Approximately halfway through our 140km ride between Sicamous and Canyon Hot Springs (~35km past Revelstoke), we came across a small red cabin overlooking a shimmering lake that quickly shot up into massive stoney mountains. Just as we were discussing whether to sneak onto the property to snap a picture a short, stocky woman came out of the cabin. In the spirit of this ride and just going for it, we asked her if we could come down onto her landing and take a few pictures. Not only was she completely ok with the idea, but she encouraged us to go out to her gazebo (where the best pictures could be taken) and stay as long as we liked!

Five minutes after we stripped off a few layers and starting basking in the crisp sunlight on her deckchairs, listening to the water wash lightly up and back along her small shore line, she once again emerged from her cabin and said, “I’m so sorry, but would you guys like a coffee?” We, of course, accepted, not having had a coffee yet on our journey and none of us feeling any need to rush back into our saddles.

When she we returned with three coffees, we had an opportunity to share with her what we were doing and why we were doing it. Not only, was she touched by our endeavour, but Paula had also been very recently impacted by men’s health issues. As it turned out, the cabin that we had come across, had been her father’s for many years. However, after a four-year battle with Parkinson’s, he past away only three months ago. Paula, on the surface, came off as a fairly “tough” lady; however, when speaking about her father her voice began to tremble and her sentences began to shorten. It was incredibly touching, having this person, who we had only met 10 minutes before, open up in such a vulnerable way in front of three young guys with moustaches loitering on her property. But it was those very moustaches – those straggly, sparse, infantile moustaches that made Paula feel like she could talk about how men’s health had impacted her.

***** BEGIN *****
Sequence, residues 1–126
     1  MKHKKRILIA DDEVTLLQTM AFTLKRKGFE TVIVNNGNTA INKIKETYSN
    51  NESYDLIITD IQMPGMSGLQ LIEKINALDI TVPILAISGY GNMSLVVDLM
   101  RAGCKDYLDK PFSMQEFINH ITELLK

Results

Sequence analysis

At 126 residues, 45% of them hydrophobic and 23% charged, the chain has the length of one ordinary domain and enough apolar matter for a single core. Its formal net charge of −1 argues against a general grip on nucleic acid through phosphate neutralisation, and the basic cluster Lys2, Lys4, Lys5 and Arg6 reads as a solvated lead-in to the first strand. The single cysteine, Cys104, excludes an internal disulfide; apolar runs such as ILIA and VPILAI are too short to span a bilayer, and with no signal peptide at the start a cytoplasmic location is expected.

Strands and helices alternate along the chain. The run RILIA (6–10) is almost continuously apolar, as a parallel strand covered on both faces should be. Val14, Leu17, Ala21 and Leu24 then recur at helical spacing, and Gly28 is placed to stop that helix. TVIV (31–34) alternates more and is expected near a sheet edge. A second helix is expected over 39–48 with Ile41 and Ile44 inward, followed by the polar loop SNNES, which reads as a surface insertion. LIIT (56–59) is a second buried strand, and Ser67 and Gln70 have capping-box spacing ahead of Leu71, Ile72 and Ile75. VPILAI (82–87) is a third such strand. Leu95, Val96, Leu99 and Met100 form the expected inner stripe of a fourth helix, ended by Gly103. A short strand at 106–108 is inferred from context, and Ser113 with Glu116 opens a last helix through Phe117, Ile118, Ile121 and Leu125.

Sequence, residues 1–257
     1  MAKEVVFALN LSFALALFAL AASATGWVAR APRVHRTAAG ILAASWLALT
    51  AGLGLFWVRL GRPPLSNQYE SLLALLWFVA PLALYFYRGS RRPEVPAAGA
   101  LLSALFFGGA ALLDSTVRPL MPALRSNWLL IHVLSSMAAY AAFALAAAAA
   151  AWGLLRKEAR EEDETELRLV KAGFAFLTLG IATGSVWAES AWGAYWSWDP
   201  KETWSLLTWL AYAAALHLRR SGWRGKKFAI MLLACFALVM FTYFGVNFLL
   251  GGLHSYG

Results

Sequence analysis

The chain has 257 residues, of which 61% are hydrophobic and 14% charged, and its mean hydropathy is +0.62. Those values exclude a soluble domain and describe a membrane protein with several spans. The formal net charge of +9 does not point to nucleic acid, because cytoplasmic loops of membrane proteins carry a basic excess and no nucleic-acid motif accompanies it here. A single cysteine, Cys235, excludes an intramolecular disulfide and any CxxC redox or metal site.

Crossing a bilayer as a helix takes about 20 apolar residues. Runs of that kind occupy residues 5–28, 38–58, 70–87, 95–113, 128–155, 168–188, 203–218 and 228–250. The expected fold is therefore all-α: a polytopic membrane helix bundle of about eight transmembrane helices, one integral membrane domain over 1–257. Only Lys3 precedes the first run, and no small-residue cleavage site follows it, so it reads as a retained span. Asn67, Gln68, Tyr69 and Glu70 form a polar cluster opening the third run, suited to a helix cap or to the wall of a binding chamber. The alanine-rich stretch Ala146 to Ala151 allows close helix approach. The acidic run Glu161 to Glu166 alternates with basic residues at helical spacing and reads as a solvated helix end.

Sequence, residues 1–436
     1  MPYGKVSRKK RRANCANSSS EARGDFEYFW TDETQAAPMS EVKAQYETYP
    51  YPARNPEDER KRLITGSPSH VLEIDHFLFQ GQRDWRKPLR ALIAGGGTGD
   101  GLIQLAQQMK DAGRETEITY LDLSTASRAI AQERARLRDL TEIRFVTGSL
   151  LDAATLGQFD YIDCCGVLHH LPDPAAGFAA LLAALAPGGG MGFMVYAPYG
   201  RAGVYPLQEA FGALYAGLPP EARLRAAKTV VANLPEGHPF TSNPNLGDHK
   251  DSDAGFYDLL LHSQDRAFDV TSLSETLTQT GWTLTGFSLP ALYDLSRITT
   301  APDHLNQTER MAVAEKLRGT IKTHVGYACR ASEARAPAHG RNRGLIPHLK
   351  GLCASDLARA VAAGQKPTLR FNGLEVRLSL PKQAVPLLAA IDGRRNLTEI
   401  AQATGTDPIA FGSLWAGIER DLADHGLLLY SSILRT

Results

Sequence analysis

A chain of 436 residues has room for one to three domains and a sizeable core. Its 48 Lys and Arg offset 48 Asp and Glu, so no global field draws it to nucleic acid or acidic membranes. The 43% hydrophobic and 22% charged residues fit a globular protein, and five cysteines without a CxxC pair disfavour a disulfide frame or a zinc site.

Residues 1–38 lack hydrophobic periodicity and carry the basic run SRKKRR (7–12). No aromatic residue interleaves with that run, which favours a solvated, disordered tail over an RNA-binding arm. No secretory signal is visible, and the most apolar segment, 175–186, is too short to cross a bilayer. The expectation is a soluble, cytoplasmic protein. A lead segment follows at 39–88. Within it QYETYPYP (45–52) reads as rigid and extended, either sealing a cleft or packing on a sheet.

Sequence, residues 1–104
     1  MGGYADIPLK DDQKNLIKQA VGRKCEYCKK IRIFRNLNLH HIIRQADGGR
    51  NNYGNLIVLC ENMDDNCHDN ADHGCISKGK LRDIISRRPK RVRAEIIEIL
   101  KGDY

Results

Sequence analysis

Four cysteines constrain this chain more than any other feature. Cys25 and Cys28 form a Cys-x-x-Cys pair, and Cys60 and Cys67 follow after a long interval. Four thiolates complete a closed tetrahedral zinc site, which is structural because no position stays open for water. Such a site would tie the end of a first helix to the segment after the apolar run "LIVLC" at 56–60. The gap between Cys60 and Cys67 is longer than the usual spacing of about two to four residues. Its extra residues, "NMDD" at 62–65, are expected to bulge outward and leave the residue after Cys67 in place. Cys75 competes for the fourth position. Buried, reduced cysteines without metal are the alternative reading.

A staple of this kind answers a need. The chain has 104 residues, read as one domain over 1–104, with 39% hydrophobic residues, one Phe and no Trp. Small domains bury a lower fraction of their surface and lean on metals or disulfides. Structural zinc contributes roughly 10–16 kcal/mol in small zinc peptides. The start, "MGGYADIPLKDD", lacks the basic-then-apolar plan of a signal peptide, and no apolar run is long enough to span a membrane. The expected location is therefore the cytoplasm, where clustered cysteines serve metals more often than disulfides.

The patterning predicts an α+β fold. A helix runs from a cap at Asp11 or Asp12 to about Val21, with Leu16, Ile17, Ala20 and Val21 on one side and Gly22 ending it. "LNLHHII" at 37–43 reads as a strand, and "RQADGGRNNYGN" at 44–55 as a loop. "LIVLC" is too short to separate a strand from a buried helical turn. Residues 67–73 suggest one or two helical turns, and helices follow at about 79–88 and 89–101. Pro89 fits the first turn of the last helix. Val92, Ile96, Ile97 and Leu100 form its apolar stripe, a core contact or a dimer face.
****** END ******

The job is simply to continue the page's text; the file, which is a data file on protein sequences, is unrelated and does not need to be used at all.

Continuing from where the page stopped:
At the end of the conversation she open her wallet, pulled out a $50 bill and wish us a sincere “good luck.”

You see, for me, it is not the beautiful views that are going to carry through the remaining 3,600km of this journey across the country, it is the people that we will meet and share our stories with along the way that will alleviate my pains and push me on when going gets tough.

So thank you Paula, for making the Rockies seem easy and thank you for supporting the Moustache Ride Across Canada.



Day 2 lunch break


Classic Rockies biking shot


Me having a moment with Lake Louise



Kevin enjoying the view from Paula’s gazebo


Ben enjoying the view in other ways…


Our thank you note to Paula (unfortunately we didn’t get the chance to get a picture with her)


19 October

The Route of All Good

Friends, family and moustached bandits – the anticipated route is as follows with all major cities set in stone but timing up still has some play in it. If you happen to be in or have a connection to any of the following cities, we would love to hear from you as a hot shower, laundry and good company is always welcomed!

First Half

Second Half

Comment, share or just let us know we are crazy but there is one thing that is for sure – we are getting to Toronto and we are doing it on bicycles.

Remember to support us at www.moridecanada.ca or, better yet, sign up at www.Movember.com and join our team “The Moustache Ride across Canada”.

3 October

Why I am doing this – Jordan Gildersleeve

Without even having travelled one kilometer for this ride, it has already become the journey of a lifetime. Never in my life have I been so passionate, so engaged, and so enveloped with something.